Equine Emergencies & First Aid

Equine first aid kit

An emergency is an injury or disease that is life-threatening or if not treated will compromise your horse’s future performance. Being prepared can help remove some of the worry and stress caused by these situations. Planning ahead, being prepared and knowing what to do in some common emergencies before the vet arrives can be very helpful.

Planning ahead is important. Knowing your horse’s normal behaviour, appetite, activity and appearance will allow you to know when things are not right. Preventative health measures such as vaccinations, deworming and regular dentals are helpful. It is also good to write down the dates of the most recent treatments and keep that together with your vet clinic and insurance company’s phone number. Having a plan for the transport of your horse is beneficial as well. Finally, an emergency kit with the following is important: equine first aid book, emergency card, thermometer, disinfectant wash, scissors, gamgee or cotton, melonin or paraffin gauze, self-stick bandage, antiseptic ointment and a torch.  Extras: zinc oxide/sunburn cream, Epsom salts, gloves, duct tape, clean stable wrap and wire cutters.

Some subtle signs of an emergency include:

Not eating, depressed, standing alone lying down longer than normal, mild fever or abnormal gum colour.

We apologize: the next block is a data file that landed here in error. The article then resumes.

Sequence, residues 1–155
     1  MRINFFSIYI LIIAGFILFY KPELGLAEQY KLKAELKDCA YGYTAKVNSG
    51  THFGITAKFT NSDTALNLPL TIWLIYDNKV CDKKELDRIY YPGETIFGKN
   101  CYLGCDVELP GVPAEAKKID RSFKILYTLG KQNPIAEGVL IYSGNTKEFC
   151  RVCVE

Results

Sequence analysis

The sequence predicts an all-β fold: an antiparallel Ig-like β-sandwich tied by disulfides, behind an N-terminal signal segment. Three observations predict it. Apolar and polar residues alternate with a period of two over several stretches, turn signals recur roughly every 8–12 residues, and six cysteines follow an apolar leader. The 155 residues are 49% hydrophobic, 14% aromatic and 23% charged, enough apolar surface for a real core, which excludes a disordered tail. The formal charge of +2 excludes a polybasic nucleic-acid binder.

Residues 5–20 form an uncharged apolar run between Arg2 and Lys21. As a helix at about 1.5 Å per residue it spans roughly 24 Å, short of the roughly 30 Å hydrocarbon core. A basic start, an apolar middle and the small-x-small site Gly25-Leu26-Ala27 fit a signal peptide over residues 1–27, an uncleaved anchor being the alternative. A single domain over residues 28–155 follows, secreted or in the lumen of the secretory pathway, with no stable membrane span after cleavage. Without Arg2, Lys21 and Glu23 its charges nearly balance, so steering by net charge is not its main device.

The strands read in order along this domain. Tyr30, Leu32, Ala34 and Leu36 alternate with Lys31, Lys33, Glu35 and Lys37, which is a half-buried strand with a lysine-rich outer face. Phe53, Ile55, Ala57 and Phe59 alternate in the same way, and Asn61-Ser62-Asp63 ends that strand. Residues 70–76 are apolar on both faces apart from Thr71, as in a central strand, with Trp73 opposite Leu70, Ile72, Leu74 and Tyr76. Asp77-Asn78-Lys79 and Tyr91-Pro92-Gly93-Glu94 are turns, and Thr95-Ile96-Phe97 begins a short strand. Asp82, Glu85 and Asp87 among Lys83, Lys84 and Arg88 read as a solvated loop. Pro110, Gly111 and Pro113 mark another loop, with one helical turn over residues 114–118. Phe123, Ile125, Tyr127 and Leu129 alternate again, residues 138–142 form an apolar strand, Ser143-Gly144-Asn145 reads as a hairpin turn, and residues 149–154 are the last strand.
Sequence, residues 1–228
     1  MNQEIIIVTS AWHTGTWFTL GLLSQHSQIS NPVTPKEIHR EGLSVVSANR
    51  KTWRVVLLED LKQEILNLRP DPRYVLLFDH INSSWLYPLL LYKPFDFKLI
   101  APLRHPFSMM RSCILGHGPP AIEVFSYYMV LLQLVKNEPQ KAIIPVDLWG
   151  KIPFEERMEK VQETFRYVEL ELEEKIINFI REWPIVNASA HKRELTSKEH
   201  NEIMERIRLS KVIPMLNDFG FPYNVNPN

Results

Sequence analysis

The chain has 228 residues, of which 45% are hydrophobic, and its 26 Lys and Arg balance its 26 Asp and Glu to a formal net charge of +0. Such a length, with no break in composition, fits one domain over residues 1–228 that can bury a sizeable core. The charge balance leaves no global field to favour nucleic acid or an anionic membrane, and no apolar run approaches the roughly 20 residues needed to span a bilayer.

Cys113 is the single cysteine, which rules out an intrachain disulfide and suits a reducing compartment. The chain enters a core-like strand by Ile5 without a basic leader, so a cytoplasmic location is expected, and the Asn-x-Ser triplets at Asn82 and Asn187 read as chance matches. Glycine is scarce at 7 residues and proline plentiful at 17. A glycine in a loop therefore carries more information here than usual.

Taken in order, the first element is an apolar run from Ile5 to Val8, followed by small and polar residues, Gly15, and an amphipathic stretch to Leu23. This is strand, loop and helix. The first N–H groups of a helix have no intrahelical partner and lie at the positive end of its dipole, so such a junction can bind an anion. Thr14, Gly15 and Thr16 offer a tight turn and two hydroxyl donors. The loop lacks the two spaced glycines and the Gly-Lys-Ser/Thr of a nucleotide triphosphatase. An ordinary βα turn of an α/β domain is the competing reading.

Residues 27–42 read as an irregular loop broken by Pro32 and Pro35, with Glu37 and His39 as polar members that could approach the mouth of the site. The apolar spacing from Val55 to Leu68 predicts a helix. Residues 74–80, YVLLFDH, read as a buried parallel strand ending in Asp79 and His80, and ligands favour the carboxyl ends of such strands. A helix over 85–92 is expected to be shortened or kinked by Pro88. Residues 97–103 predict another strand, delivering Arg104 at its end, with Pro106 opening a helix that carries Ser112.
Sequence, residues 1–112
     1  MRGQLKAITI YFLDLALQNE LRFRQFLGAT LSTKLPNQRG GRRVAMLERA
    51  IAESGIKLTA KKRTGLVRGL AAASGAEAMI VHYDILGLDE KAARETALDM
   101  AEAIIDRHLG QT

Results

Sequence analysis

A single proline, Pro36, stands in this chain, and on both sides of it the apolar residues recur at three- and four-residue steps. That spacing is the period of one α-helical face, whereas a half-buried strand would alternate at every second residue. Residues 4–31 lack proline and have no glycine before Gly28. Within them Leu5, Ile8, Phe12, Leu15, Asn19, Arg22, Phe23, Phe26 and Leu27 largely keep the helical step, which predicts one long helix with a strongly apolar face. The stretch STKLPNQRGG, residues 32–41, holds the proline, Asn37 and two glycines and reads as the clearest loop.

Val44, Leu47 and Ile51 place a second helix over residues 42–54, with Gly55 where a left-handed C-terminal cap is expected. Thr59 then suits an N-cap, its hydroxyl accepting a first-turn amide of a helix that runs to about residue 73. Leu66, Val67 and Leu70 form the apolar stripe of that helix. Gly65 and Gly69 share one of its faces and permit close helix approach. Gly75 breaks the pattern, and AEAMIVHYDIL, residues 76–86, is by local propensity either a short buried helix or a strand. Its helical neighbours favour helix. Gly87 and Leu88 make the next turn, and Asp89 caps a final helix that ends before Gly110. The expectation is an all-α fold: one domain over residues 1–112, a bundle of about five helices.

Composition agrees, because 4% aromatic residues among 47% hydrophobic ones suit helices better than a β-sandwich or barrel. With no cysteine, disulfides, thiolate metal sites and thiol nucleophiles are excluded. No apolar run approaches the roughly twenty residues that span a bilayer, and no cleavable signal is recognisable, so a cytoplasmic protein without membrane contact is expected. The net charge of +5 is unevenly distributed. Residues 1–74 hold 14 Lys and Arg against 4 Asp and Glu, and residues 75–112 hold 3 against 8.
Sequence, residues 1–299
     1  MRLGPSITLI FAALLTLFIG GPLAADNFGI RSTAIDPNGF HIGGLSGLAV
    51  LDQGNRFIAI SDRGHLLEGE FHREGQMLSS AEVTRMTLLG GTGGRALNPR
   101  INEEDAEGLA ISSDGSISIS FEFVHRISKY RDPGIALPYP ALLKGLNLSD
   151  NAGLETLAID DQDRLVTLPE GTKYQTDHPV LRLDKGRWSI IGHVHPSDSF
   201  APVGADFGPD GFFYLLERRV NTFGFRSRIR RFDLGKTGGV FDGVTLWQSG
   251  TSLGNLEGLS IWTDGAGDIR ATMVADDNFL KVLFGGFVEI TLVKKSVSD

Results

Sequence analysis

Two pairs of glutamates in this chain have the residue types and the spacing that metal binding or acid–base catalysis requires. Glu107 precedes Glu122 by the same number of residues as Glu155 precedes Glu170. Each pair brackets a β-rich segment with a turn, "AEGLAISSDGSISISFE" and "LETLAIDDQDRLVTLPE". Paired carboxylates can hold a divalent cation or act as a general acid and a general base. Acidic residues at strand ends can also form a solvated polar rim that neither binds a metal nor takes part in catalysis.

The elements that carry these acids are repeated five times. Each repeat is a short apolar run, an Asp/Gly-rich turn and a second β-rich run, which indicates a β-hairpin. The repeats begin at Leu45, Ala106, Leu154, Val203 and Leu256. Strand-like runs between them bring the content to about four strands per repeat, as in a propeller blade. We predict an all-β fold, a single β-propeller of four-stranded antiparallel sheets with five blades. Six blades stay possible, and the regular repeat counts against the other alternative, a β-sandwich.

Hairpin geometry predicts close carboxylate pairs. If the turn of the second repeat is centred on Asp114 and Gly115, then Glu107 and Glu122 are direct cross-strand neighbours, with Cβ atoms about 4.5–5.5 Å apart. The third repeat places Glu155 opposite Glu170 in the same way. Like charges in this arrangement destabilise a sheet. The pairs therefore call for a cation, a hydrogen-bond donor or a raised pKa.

Moderate signs include:

A squinting or swollen eye, heavy nasal discharge that is green or yellow, heavy sweating or sudden onset of lameness. 

Severe signs include:

Rolling, pawing, unable to get up or move, walking drunk profuse bleeding or difficulty breathing.

With any of the signs listed above, call the vet. We can discuss what is going on and get headed to you and your horse as soon as it's necessary.

Catherine with colic horse

There are always some things you can do while we are on the way. 

Colic: Keep your horse walking to prevent them from lying down and rolling.

Wounds: With heavy bleeding, apply a pressure wrap with your cotton/gamgee and self-sticking wrap. If there is a lot of dirt in the wound, gently flushing with clean water is helpful.

Swelling: If there is a lot of swelling in a leg, cold therapy with ice or cold water is helpful.

Swollen eyes: Keep them out of the sun. Try to see if there is a white or blue appearance to the eye as that will let us know how quickly treatment is required.

Acute lameness: Have a look for swelling in the leg. Check the foot to see if there is something sticking into it. Keep the horse still so no further damage is done.

Choking: If there is grass or feed coming from the nose, remove any remaining feed and water from in front of your horse. Massage the groove in the left side of the neck to help move the food through.

Difficulty breathing: Keep your horse calm and remove them from the area with any dust or pollens.

Dr Kara Watson DVM


FRANKLIN VETS MEMBERSHIP & ACCREDITATIONS